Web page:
For the longest time, banks and other companies are using the SMS-based (short message service or text) to authenticate clients’ accounts as part of two-factor authentication (2FA). It was believed to be safe because it bypasses the use of bots and cybercriminals posing as legitimate clients.
It turns out that this is a myth.
“If you have the option to use SMS vs any other way, I would choose any other way instead of SMS,” said Fernando Serto, head of Security Technology and Strategy at Akamai, Asia-Pacific and Japan.
He explained that it is easy to clone SIM cards and users’ numbers can end up in the hands of cybercriminals.
In a recent post, cybersecurity firm Kaspersky echoed those same “sentiments” saying that one-time passwords are very much preferred over SMS for the following reasons:
- It’s easy to sneak a peek at passwords sent by SMS if lock-screen notifications are enabled.
- Even if notifications are turned off, a SIM card can be removed and installed in another smartphone, giving access to SMS with passwords.
- Password-bearing SMS can be intercepted by a Trojan lurking inside the smartphone.
- Using various underhanded tactics (persuasion, bribery, etc.), criminals can get hold of a new SIM card with the victim’s number from a mobile phone store. SMS will then go to this card, and the victim’s phone will be disconnected from the network.
- SMS with passwords can be intercepted through a basic flaw in the SS7 protocol used to transmit.
SMS or the other way? Choose the other way
Serto said using multifactor authentication is a must especially if people are using their banks’ online services. He also suggested using a password manager so users will remember only one password.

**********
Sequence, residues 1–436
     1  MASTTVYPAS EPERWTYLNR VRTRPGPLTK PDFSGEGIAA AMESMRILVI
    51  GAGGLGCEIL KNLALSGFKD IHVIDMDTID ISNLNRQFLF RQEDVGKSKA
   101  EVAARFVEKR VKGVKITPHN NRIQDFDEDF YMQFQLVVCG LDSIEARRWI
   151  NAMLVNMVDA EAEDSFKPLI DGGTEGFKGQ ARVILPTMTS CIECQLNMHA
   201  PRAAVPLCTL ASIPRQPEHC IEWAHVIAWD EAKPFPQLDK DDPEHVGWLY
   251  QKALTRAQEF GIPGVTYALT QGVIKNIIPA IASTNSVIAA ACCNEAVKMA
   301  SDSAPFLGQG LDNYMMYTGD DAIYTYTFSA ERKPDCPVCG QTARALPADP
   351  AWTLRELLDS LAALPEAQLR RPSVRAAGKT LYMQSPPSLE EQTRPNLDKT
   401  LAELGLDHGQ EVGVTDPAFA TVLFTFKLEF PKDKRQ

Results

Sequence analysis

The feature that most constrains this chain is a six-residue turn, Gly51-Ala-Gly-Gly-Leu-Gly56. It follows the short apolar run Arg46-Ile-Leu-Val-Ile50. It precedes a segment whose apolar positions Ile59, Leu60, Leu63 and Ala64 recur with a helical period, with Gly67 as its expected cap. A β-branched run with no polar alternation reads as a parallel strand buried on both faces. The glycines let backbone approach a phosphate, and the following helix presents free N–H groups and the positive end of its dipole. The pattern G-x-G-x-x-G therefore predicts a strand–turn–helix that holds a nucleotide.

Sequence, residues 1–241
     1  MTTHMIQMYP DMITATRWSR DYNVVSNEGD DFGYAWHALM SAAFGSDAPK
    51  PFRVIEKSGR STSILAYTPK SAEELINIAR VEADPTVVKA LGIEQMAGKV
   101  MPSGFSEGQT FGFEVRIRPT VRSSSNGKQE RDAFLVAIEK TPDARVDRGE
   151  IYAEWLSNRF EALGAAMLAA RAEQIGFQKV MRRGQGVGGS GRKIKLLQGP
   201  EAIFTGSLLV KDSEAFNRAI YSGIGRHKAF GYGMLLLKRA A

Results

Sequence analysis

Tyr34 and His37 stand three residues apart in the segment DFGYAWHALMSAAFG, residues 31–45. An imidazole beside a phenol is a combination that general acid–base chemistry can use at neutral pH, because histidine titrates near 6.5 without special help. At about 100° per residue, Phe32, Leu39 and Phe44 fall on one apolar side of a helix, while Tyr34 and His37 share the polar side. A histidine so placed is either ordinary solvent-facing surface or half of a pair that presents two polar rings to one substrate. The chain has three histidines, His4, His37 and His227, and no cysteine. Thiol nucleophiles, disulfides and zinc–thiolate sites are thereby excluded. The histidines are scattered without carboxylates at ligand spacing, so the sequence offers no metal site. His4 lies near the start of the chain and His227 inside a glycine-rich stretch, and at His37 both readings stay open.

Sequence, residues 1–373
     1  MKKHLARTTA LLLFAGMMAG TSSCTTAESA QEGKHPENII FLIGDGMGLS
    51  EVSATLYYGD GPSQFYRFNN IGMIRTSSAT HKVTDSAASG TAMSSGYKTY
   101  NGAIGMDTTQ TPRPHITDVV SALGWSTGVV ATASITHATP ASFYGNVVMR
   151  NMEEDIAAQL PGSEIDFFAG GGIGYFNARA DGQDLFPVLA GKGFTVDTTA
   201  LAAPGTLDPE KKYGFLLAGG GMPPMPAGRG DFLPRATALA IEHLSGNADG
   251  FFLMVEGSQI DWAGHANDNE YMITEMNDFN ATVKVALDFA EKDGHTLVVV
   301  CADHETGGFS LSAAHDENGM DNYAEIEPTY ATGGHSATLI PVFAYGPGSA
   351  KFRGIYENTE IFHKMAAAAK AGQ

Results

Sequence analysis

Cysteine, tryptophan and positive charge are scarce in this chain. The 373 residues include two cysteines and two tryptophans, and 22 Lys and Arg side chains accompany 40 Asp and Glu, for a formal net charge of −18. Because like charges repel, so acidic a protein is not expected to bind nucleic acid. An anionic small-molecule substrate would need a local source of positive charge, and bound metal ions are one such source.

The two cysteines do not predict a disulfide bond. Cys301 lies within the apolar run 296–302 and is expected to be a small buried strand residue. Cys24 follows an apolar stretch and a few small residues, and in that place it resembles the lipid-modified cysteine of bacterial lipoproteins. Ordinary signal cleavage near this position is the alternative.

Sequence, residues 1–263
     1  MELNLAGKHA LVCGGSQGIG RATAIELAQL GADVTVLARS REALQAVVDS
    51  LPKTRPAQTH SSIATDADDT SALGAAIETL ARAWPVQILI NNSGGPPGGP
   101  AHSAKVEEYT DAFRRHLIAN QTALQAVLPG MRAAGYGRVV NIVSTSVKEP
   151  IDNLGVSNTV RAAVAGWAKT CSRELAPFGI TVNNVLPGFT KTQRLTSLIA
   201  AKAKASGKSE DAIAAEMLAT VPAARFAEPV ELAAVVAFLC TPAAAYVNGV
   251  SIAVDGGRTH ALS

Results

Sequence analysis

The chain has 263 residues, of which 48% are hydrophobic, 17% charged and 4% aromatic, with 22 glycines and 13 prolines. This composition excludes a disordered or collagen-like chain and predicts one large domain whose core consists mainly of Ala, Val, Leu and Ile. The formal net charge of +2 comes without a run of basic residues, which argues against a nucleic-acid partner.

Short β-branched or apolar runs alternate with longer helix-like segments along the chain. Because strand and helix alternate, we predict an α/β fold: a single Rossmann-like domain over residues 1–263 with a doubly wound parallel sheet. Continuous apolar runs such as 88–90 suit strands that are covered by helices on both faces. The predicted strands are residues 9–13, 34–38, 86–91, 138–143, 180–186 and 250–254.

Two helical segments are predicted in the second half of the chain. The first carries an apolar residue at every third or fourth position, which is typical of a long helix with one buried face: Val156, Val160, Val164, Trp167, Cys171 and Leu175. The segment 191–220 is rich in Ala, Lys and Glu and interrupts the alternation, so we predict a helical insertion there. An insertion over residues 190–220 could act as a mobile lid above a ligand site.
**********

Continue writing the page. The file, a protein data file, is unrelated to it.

Even in world’s most famous “hacker” Kevin Mitnick’s book “The Art of Invisibility,” he strongly advises using one password and suggests the 1Password. Users will only have to remember one password and the password manager will generate unique passwords every log-in for different websites.
On its blog, Kaspersky said the one-time password can be stored, yes, on paper or encrypted in a password manager. Passwords managers are not free but if people can subscribe to Spotify and Netflix for a couple of dollars, these security services are way cheaper for the peace of mind they give online users.
“It’s not all that important whether the codes are kept in physical or digital format — what matters is that they (1) do not get lost and (2) cannot be stolen.”
Akamai’s Serto also added to use an Authenticator specifically Google Authenticator.
Kaspersky said the Authenticator App is very easy to use. Just install the authenticator app on the smartphone. Then indicate on the security settings which services will be used with the Authenticator. Select 2FA (assuming the option exists); the service will show a QR code that can be scanned directly into the 2FA app. The app will generate a one-time code every 30 seconds when users scan the QR code with the app.
Kaspersky considers the following as the best apps for two-factor authentication: Google Authenticator, Duo Mobile, Microsoft Authenticator, Free OTP, Authy, and Yandex.Key.
Back to basics: Physical keys
Then there are the FIDO U2F hardware authenticators such as Yubikey.
According to Kaspersky’s blog, “If an app generating one-time codes seems a too-flimsy and intangible way to protect your accounts, and you want something more solid and reliable that locks your account with a key that literally goes in your pocket, then look no further than hardware tokens based on the U2F (Universal 2nd Factor) standard, created by the FIDO Alliance.”
The U2F hardware tokens can be connected to any device. Just register it in a compatible service to use. It’s basically a “key” for users to open connected services. In setting up, just insert the key to a device, confirm the login to the service, and tap the token button.
Kaspersky advises having duplicates just like any keys. Attach one to car keys or house keys and store the other in a safe place. The firm also suggests to use different types of keys: an authenticator app on the smartphone as the primary one and a U2F token or a slip of paper with one-time passwords in your safe as a backup.
Ultimately, using SMS-based authentication is not highly recommended. However, banks and other services still require users to use this service to authenticate ownership of accounts.
Serto said some airlines are exploring the use of multifactor authentication. It’s now up to the clients and users whether to opt for SMS or password manager or physical keys.
Image from Kaspersky blog